This dog, this is what makes Christmas for Dylan.
He doesn’t care for the Christmas lights or decorations, he’s not a fan of the noise or change of routine, Okay he likes the food but apart from that even the presents Dylan would be happy without. But this singing dog is his companion between late November and early January until we have to pack him away until th next year.
When out Dylan will take the dog away, usually to sit in the stairway and play his merry little tune again and again and again and again and…. Yes, you get it 🙂
I started an internet search for one and despite people’s best efforts to seek out alternatives I could not find where to buy a replacement. I contacted the shop we brought it from years ago; no longer stocking this item. I contacted the manufacturer; again no luck.
Then thanks to an international Facebook search one was found…. by my cousin who lives only 5 miles away from us!
Unbelievable, but he and his children kindly gave us their dog so that Dylan could have it and he is absolutely over the moon with it, Christmas has started!
Dylans favourite ever Christmas decoration. This bad boy plays from the moment it is brought out of the loft early December until its packed back away in the new year. Dylan adores it and this has been the case since we brought it at Christmas time about 6 years ago.
It’s extremely overused, this poor pooch has needed new batteries and light repairs every year when brought out at Christmas time. As much is his constant uncheery tune of “It’ll be lonely this Christmas” by Mud (which I thought would never be missed) sadly this Christmas he has finally died a death and despite Dylans constant attempts there is no fixing this.
Does anyone know where one of these can be brought as a replacement?
Amazon and eBay are both out of stock. It was purchased in Homebase originally but was only used as one off stock on the particular year it was brought.
Today the top picture came up on my Facebook memories. A lovely reminder of how far Dylan has come in such a short space of time.
3 years ago Dylan independently asked for money using his iPad. Just money. You can see the simple layout of the screen and limited range of communication options.
Fast forward three years and the progress and complexity of Dylans communication is evident. He can exercise a range of options and is developing an understanding of various transactions to be able to purchase items he needs/wants.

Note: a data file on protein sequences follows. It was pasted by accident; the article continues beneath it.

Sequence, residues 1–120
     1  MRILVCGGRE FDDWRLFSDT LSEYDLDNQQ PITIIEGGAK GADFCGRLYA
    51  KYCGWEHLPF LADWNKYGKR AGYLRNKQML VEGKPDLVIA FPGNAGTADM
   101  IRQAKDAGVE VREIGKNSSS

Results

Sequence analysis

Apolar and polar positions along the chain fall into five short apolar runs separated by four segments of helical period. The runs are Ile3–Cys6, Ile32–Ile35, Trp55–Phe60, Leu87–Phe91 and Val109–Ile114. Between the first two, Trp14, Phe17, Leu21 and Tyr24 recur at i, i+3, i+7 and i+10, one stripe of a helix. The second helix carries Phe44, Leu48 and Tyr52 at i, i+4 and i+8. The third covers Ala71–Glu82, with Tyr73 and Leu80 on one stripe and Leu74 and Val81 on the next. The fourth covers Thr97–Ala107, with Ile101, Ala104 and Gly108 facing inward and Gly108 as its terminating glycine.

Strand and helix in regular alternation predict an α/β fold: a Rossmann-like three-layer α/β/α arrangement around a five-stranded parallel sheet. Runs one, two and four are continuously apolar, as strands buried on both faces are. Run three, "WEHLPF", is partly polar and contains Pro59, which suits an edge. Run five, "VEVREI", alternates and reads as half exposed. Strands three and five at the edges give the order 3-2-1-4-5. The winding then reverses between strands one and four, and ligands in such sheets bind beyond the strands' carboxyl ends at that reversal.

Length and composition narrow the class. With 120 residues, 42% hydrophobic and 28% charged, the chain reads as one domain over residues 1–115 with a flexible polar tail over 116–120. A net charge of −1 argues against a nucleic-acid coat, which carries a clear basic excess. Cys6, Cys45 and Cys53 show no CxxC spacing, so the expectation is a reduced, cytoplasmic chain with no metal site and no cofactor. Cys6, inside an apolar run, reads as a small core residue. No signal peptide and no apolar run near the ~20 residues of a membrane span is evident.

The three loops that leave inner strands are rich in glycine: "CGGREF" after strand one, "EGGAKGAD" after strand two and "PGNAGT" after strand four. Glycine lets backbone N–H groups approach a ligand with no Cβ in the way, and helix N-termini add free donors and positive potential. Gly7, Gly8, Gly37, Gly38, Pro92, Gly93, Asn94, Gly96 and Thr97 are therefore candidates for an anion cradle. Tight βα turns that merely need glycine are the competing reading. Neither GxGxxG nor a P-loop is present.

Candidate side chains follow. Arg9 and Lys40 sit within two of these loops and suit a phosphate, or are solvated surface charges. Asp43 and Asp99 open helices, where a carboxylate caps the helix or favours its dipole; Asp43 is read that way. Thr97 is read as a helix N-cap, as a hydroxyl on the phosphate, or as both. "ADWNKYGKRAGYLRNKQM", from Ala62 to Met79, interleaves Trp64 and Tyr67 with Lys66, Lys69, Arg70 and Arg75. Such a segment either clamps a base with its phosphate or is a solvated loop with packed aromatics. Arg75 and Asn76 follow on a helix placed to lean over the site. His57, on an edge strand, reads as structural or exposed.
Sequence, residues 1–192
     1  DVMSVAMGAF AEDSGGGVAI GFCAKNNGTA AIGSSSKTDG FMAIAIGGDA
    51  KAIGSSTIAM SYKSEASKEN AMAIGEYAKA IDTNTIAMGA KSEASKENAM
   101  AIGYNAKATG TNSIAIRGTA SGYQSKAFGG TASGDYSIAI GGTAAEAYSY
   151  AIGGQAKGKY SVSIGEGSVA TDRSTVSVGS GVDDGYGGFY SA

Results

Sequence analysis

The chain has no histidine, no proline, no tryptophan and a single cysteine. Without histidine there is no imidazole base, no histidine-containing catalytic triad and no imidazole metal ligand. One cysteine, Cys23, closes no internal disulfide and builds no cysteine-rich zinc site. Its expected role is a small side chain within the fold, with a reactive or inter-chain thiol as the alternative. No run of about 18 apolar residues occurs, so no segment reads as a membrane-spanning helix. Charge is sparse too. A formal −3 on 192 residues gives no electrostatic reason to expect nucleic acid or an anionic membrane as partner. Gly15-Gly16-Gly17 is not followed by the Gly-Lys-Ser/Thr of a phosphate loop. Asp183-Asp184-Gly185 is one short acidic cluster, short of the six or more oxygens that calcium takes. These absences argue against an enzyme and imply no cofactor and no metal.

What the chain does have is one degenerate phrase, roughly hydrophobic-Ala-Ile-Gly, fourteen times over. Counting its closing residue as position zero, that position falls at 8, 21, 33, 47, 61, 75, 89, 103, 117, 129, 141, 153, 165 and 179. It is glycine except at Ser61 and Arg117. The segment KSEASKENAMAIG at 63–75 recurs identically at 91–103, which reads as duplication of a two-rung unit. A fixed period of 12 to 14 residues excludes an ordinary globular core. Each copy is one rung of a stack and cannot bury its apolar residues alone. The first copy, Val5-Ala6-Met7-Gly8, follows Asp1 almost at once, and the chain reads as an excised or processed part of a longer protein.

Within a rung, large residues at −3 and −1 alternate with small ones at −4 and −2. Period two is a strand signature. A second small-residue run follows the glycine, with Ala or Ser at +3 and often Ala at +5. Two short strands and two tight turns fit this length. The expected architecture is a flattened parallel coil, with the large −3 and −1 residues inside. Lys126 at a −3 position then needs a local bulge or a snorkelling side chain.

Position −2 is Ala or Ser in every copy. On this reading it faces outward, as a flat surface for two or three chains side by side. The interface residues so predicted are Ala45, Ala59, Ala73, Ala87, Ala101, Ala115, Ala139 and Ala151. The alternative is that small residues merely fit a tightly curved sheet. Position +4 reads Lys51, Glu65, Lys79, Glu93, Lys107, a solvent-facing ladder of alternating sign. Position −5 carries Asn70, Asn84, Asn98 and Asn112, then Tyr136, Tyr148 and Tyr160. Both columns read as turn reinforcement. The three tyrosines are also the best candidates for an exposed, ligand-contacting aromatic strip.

The Proloquo2go has evolved with his growing needs and is being added to daily.
Having started this AAC journey independently as parents without professional support we have relied mainly on the Internet and seeing a small amount of YouTube videos on the subject to learn how to make communication a reality for Dylan.
Introducing AAC has by far been one of the most positive and life changing decisions we have ever made.
Communication is a fundamental right and one that I so wish we explored and exercised much, much earlier.
Dylan has been enjoying his daily opportunities to go to the cafe and practicing his purchases but there is a slight concern that the golden choice is always Coke. Full fat, full sugar Coke.
Working in health care I am incredibly aware about how choices we make now with our lifestyles, diet and hobbies can affect our health, wellbeing and develop our habits for life.
Dylan likes all fizzy drinks but he will always choose the unhealthiest option. With his new focus on independent purchases Dylan is ordering his drinks without support which gives a free reign to buy whichever drink he prefers… yep, more Coke!
In an effort to manage this we have made a social story much like the one used for not swimming straight after eating whilst on holiday seen here. When using pictello, the programme relays the story where Dylan is given information to explain why he needs to understand a certain situation.
The pictello programme is easy to use and the story took only a couple of minutes to make. We’ll show Dylan the story on arriving at the cafe so it’s fresh in his mind and see if it influences his choice of drink.
I know there’s artifical sweeteners in diet drinks and am not a fan of these either long term but we need to tackle this one little battle at a time.
Hopefully the social story will be the first step in moving away from chemical filled fizzy drinks! 🙂
Haircut time again.
Another smashing performance with even less support and prompting.
For the first time both boys -and Dad- could have their haircuts at the same time instead of having to swap barbers or plan the best seat/barber/timing to enable Dylan to get through it.
Although we visit the same same regular barbers we went to their newly relocated shop around the corner from their usual one. The men there recognise that Dylan is different and the gentleman who cut his hair today requested specifically for the job of cutting Dylans hair. An older man he is confident and unfazed by Dylans often jerky mannerisms and growing anxiety.
Despite always giving Dylan the choice of whether he wants his hair cut or not he always confirms that he wants to have it done. I wouldn’t dream of forcing or encouraging him to do something so difficult for him publicly if he didn’t want to. Although Dylan asks for his hair to be cut he still finds it very difficult to tolerate and I think that he always will. Dylan vocally stims loudly throughout; the bright lights, the noise and the natural anxiety around haircuts is heightened but the staff there never make a big deal about it. They speak to Dylan directly and reassure him throughout whilst getting on with the job in hand swiftly and confidently. I’m sure this reassures Dylan and so when Dad and Josh were having their haircuts and the next barbers chair became free;
Dylan just went for it.